Posted Feb 01, 2004 06:05 am CST
Lawyers, unfortunately, behave much the same way when it comes to their professional liability coverage. They don’t tend to look closely at their policies until the complaints or demand letters land on their desks.
At that point, one of the biggest surprises for the typical attorney is that the policy gives the insurer the right to select counsel and control the defense of the claim, even though the insured will be the actual client of defense counsel.
Along with that, the attorney will learn that defense costs will in essence be charged against–or “burn off”–coverage limits in the policy. When that happens, less remains to pay off any settlements or judgments on the claim. And if the payout on the claim exceeds what’s left after defense costs have been paid, it will be the insured attorney, not the insurer, who will have to cover the remainder.
The “eroding limits” provision in liability insurance policies can strain the three-way relationship between the insured, the insurer and the defense attorney hired by the insurer to handle the case. It is crucial that all concerned take care to maintain these relationships.
Insurance carriers believe they are able to resolve claims in the most efficient and cost-effective manner by calling on their own expertise to direct defense counsel in whom they repose trust and confidence, and from whom they expect and demand loyalty.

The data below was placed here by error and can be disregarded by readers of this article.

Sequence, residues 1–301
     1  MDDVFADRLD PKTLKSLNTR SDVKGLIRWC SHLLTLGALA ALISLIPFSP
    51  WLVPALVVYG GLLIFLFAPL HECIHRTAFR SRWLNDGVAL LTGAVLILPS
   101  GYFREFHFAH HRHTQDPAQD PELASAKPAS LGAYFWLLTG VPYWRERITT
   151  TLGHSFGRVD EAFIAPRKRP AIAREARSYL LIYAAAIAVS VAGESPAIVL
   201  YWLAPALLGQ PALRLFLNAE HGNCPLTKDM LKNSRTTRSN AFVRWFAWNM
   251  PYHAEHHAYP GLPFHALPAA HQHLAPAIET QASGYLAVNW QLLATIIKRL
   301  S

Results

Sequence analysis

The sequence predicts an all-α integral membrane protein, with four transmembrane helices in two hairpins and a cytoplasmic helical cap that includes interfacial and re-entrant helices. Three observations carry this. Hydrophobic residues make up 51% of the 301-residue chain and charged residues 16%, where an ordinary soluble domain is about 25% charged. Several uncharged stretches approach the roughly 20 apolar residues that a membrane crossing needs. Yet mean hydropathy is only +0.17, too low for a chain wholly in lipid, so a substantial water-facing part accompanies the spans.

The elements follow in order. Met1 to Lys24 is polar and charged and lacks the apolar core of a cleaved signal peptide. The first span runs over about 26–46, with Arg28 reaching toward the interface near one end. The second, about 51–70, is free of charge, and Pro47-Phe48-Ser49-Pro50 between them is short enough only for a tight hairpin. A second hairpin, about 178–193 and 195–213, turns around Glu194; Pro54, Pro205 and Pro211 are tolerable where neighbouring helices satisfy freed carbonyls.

Meanwhile, the insured’s main concern usually is to resolve the claim at or within policy limits as quickly as possible by means of a confidential settlement. And the concern of assigned defense counsel will be to investigate the claim and develop sufficient information to permit the carrier’s claim professionals to reach an informed judgment on whether to settle or continue to defend the claim (without prejudicing the rights and interests of the insured).
These potential conflicts can play out in a variety of ways. What if, for instance, plaintiff’s counsel makes a firm “policy limits” settlement demand at the outset of the lawsuit? Defense counsel wants to test the reasonableness of the demand by taking some depositions, but the costs of that discovery will deplete the policy limits below the demand amount. The insured, meanwhile, is anxious to conclude the case and doesn’t want to jeopardize the settlement opportunity.
On the other hand, it may be the insured who insists on pressing the case in court over the recommendations of defense counsel and against the wishes of the carrier.
The first step in resolving these issues must be for all participants in the tripartite relationship–insured, carrier and defense counsel–to be vigilant in identifying the issues, committed to candor and full discussion of the issues as they develop, and mindful of the legitimate competing concerns of all involved.
But that kind of diplomacy doesn’t always work. If, say, the insured does not want to settle the case, the insurer may impose another provision (that the insured may not have read). Under the “hammer clause,” the carrier agrees to let the case proceed with the requirement that, if any eventual payout exceeds a certain amount, the insured will pay for that excess amount, even if it doesn’t reach the policy limit.
Another solution to the eroding-limits dilemma for insureds is to consider purchasing a “defense bank”–an amount that covers defense costs before they are offset against the policy’s coverage limits.
Attorneys should read their liability policies carefully. They may find the contents to be quite interesting.